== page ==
Tyler, the creator – Cherry Bomb
Tyler the Creator is an American rapper, he founded Odd Future Records (at around 21 years old). Cherry Bomb is Tyler’s fourth studio album, released April 13th 2015.
Cherry Bomb see’s Tyler taking a slightly experimental approach to instrumentation; using retro synths and instruments. With the occasional soul/blues influence and a mix bag of aggression and down-tempo tracks, cherry bomb starts strong but begins it’s a slow decline passed ‘BlowMyLoad’.
Deathcamp – This track has a good flow, it has the structure and instrumentation of a radio-friendly pop track and is undeniably similar to rock hip-hop group, N.E.R.D. The tempo of Tyler’s vocals is fast paced with an aggressive delivery. A strong start for Tyler’s fourth instalment.
Buffalo – A lower tempo track, features Tyler’s trademark slower, brooding and aggressive delivery. The instrumentation of this track compliments Tyler’s flow, with 80s synth and cheering samples, Tyler’s dark lyrics add a nice contrast, making this an overall enjoyable and solid track.
Pilot – Another track using retro-style synths combined with a tricky beat to combine with a rap flow. Tyler manages to flow over a fairly flooded and overwhelming sound scape. The track is messy and difficult to adjust, almost like a blend of two separate tracks. with the verse feeling very aggressive as it’s stripped back to just bass and drums getting more textured and airy as it approaches the chorus. Overall the track is enjoyable but at times feels clustered.
Run – A fast paced track that runs for only 1:09, Tyler’s vocals have been pitch-shifted, as if sped up to match the up tempo soundtrack. An interesting song with little to offer, as its doesn’t add anything to the following or preceding tracks.
Find your Wings – Retro synths combined with jazzy instrumentation, this track starts off with a spacey, double-bass powered start. As Tyler’s, and female backing, vocals start he remains in tone with the instrumentation. This is a slow, jazzy track taking over a minute to get to the vocals. The song really doesn’t add much to the album it merely slows the pace only for it to be picked up again by the following track, so it feels like a rather pointless interlude.
Cherry Bomb –This song starts with a clearly electronic fuzzy bass drum and deeply distorted guitar chord. Aggressive, bitcrushed vocals accompany a distorted drumbeat, the track is border lining experimental electronic hip-hop. A 90s techno synth replaces the deliberate bad feedback of the previous instrumentation. The track continues with this pattern of switching between the artificial poor feedback instrumentation and techno synths. What is first an impressive move for Tyler becomes a messy track that is tempting to skip halfway through. It does change tempo toward the end of a track with a nice mixture of female backing vocals and a strong deep synthy bass. This section is interesting though short lived and could have added more to the track rather than simply closing it out with a fade.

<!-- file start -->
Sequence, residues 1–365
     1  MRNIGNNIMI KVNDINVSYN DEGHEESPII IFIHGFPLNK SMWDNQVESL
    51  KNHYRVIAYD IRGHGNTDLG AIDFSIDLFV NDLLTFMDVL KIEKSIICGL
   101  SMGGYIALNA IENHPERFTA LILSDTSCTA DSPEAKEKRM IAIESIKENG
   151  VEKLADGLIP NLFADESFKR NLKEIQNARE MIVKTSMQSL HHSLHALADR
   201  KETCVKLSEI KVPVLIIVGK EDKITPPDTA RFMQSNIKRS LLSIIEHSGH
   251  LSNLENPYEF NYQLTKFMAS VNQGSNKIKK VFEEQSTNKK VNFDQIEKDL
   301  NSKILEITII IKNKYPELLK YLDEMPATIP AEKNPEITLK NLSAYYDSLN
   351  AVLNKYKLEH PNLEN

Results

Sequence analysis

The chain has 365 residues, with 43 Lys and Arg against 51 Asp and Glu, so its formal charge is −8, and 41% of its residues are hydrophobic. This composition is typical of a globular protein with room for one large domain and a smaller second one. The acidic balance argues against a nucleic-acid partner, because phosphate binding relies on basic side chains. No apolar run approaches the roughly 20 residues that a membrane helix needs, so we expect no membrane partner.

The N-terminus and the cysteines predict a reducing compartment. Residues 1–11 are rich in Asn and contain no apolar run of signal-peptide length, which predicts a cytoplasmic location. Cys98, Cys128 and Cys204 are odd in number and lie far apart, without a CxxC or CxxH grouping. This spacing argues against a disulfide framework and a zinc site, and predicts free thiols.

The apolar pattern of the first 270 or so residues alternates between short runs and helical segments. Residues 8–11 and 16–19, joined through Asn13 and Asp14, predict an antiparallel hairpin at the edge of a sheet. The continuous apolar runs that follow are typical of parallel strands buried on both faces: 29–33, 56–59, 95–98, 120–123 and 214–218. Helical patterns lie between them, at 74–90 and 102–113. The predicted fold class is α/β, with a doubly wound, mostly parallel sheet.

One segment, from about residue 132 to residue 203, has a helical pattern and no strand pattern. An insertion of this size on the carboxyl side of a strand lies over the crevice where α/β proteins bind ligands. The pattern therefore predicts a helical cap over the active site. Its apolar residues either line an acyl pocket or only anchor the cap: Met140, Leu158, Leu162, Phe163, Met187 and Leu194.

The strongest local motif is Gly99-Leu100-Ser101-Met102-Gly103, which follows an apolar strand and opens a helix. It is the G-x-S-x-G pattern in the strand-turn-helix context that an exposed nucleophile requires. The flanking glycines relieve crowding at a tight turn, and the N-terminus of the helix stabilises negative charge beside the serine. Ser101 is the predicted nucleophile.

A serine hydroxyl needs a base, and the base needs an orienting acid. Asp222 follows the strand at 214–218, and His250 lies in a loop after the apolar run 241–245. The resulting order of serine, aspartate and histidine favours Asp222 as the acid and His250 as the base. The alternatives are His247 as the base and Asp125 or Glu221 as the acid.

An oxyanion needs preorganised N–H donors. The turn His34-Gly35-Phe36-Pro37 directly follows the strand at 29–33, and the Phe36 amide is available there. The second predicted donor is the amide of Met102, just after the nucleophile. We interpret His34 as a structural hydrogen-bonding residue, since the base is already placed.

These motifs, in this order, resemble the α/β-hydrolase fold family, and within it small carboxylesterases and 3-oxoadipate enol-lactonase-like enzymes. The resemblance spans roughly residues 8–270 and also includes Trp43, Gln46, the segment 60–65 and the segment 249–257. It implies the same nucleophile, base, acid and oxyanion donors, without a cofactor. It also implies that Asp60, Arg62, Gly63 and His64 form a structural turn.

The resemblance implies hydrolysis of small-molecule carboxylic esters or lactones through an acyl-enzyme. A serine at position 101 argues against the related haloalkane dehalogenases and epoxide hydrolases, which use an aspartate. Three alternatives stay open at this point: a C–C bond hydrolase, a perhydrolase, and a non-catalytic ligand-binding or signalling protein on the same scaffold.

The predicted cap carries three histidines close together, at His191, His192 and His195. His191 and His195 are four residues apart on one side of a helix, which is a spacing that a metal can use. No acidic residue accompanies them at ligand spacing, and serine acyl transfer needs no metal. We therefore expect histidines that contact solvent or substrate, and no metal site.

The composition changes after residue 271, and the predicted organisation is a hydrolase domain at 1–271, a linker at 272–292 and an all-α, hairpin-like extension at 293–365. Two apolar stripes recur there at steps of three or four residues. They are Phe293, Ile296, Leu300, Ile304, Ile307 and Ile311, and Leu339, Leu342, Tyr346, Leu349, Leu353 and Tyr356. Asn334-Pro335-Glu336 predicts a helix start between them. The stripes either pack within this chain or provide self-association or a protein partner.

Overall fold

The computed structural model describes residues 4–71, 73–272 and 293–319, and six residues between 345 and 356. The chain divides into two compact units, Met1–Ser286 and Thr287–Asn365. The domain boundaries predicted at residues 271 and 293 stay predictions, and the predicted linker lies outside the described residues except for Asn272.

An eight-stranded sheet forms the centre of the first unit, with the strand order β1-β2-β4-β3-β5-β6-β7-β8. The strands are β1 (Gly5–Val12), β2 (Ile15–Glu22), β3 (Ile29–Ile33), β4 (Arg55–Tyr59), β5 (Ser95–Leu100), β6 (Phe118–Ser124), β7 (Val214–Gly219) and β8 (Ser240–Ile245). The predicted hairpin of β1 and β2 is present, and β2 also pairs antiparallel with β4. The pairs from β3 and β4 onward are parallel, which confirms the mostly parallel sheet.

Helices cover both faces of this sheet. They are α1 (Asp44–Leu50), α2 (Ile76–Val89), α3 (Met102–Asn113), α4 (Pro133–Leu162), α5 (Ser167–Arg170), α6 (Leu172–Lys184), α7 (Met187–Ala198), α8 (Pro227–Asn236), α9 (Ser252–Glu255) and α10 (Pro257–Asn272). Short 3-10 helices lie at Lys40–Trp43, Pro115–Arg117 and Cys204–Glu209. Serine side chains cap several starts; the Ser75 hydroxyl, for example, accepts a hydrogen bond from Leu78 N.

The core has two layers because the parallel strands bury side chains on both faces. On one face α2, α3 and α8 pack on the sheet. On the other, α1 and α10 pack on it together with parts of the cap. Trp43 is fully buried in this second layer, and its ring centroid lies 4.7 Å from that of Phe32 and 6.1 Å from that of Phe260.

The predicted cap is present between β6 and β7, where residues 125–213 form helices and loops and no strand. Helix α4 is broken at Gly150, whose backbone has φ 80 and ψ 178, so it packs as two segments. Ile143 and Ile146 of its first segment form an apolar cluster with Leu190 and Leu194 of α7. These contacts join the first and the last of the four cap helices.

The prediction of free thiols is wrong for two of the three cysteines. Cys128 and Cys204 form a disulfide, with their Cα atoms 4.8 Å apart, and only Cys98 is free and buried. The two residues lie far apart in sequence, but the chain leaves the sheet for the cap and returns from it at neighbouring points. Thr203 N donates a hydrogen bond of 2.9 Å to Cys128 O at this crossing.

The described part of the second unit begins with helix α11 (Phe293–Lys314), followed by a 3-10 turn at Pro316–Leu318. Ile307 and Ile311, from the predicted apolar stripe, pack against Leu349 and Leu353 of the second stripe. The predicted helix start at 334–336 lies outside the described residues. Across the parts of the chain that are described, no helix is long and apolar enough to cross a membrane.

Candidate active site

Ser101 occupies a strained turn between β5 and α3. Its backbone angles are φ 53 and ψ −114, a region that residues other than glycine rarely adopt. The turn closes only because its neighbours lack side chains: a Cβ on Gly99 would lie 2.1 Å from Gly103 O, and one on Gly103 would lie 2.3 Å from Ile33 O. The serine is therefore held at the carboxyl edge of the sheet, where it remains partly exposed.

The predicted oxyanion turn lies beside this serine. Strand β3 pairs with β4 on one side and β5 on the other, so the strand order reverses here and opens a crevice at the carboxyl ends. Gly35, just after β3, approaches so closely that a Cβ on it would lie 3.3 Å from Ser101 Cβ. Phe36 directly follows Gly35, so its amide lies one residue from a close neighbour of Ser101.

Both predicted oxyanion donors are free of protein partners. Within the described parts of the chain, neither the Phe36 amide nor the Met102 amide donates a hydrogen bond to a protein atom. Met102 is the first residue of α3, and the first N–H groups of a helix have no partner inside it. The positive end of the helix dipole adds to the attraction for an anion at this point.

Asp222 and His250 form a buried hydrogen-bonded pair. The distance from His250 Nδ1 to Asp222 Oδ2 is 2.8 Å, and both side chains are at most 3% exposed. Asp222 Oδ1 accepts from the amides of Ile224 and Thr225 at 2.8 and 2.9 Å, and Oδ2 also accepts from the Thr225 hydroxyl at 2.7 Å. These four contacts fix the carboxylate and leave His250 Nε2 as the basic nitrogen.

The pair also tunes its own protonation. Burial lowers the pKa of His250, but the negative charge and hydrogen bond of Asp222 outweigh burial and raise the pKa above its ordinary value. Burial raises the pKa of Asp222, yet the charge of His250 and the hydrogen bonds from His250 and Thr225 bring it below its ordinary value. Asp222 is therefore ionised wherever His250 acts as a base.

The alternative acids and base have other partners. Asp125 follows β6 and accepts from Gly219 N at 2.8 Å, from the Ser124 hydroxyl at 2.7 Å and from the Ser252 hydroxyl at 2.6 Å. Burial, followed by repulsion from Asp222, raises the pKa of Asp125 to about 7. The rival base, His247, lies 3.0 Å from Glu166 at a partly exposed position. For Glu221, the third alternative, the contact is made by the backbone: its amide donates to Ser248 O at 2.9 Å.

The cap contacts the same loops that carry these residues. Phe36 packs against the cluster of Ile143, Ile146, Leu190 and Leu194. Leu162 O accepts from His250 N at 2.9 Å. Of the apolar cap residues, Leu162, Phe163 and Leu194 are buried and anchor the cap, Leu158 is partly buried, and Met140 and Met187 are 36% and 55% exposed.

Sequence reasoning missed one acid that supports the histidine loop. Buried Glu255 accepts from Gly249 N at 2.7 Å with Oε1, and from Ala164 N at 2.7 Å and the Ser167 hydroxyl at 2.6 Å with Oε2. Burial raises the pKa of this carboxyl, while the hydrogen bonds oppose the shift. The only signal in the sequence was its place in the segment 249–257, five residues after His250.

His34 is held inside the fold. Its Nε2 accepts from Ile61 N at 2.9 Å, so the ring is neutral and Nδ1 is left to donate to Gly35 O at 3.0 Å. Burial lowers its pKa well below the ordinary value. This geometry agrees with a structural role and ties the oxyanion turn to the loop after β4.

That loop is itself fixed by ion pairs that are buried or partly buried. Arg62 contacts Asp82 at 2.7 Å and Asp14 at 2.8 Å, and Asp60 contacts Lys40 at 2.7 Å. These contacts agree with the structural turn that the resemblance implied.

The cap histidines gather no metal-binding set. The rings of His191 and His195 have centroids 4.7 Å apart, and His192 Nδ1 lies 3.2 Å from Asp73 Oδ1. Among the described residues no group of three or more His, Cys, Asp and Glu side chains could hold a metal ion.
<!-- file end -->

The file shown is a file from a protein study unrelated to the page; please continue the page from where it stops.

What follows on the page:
Blow My Load – Combining elements of Soul with Tyler’s trademark deep, brooding delivery this track seems to be a satirical approach to soul-love with Tyler’s wicked sense of humour. Half way through the track fades and a slow retro keyboard synth upholds the Soul-vibe. Female vocals fade in, only to be disrupted by an 80s-style radio presenter batting the track off as music from “the upcoming film, f*bleep*”
2Seater – Continuing with the slow tempo Soul vibe from the previous track 2Seater features Tyler’s deep delivery with more of those retro synths. The track doesn’t offer much that BlowMyLoad didn’t achieve and missing Tyler’s aggression the track is bluesy but dull.
The Brown stains of Darkeese Latifah part 6-12 (Remix) (Feat. Schoolboy Q) – This song gives a simple but flowing rap to a bubbly synth and keyboard synth. This track has a lot of low end with a extremely deep bass line and a Bass drum that sounds as though it’s been loosened to the point of almost hanging of the kit. The track picks up as Schoolboy Q brings aggression to his delivery. This is one of the rap-heavier tracks of Cherry Bomb, it’s a good track and Schoolboy Q has a fair flow.
Fucking Young/ Perfect (Feat. Charlie Wilson & Kali Uchis) – A track that combines the N.E.R.D approach from Deathcamp (what? Just me? Okay..) and the soul vibe from 2Seater. This isn’t the style of track I’d expect from Tyler.
Smuckers (Feat. Kanye West & Lil Wayne) – Kanye and Lil Wayne are the cameo-acting Samuel Jacksons of hip-hop and R&B. I had low expectations for this track and I’d be wrong to say they weren’t met. The vocals have the aggressive approach I’ve come to expect from Tyler but this track, and it’s featuring artists, bring the egotistical, poor flow and light instrumentation that kills a rap track. This track was most likely produced to instigate sales and nothing more; expect no game-changing flow or production.
Keep Da O’s (Feat. Pharrell Williams) – This track doesn’t offer much in terms of instrumentation, flow or production.
Okaga, CA – By this, the last, track the tempo has fully dropped, the soul-vibe and retro synths remain to influence. The album’s inspiration and key messages have been spent and Tyler comes in with a slow, Sunday-afternoon flow. Perhaps this is a cool-off track to what was a fairly experimental release by Tyler.
Overall this album feel like a bit a disappointment, as it only has a few notable tracks front loaded on the album, the rest feels uninteresting and fails to really feature any strong hooks. There are some moments that show some promise but they’re usually short lived and clumsy. Only listen to this album if you’re a die hard fan of Tyler even then you may struggle to remain interest in the album after the beginning few tracks.